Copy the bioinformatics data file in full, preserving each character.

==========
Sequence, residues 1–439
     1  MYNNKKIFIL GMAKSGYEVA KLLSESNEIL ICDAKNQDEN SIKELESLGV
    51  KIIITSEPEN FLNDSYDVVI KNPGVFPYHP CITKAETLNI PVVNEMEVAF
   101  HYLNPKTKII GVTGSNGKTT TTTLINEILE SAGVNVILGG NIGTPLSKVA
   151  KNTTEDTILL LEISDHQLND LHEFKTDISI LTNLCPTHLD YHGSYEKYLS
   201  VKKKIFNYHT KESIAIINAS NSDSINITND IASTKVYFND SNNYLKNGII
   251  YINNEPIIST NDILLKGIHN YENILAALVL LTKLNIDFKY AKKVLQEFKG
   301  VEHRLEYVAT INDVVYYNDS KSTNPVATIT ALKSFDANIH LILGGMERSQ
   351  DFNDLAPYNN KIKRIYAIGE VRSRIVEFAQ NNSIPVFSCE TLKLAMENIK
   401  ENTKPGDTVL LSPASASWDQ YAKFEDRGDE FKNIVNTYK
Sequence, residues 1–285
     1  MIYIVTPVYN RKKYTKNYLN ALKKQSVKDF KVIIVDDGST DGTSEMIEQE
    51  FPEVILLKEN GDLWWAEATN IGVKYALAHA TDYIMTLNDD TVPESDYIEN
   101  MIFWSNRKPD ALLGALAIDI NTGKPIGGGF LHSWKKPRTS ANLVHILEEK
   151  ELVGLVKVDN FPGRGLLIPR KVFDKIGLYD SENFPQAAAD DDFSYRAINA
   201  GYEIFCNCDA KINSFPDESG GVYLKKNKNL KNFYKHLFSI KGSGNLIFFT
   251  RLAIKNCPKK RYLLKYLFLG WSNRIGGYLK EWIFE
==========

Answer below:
Sequence, residues 1–439
     1  MYNNKKIFIL GMAKSGYEVA KLLSESNEIL ICDAKNQDEN SIKELESLGV
    51  KIIITSEPEN FLNDSYDVVI KNPGVFPYHP CITKAETLNI PVVNEMEVAF
   101  HYLNPKTKII GVTGSNGKTT TTTLINEILE SAGVNVILGG NIGTPLSKVA
   151  KNTTEDTILL LEISDHQLND LHEFKTDISI LTNLCPTHLD YHGSYEKYLS
   201  VKKKIFNYHT KESIAIINAS NSDSINITND IASTKVYFND SNNYLKNGII
   251  YINNEPIIST NDILLKGIHN YENILAALVL LTKLNIDFKY AKKVLQEFKG
   301  VEHRLEYVAT INDVVYYNDS KSTNPVATIT ALKSFDANIH LILGGMERSQ
   351  DFNDLAPYNN KIKRIYAIGE VRSRIVEFAQ NNSIPVFSCE TLKLAMENIK
   401  ENTKPGDTVL LSPASASWDQ YAKFEDRGDE FKNIVNTYK
Sequence, residues 1–285
     1  MIYIVTPVYN RKKYTKNYLN ALKKQSVKDF KVIIVDDGST DGTSEMIEQE
    51  FPEVILLKEN GDLWWAEATN IGVKYALAHA TDYIMTLNDD TVPESDYIEN
   101  MIFWSNRKPD ALLGALAIDI NTGKPIGGGF LHSWKKPRTS ANLVHILEEK
   151  ELVGLVKVDN FPGRGLLIPR KVFDKIGLYD SENFPQAAAD DDFSYRAINA
   201  GYEIFCNCDA KINSFPDESG GVYLKKNKNL KNFYKHLFSI KGSGNLIFFT
   251  RLAIKNCPKK RYLLKYLFLG WSNRIGGYLK EWIFE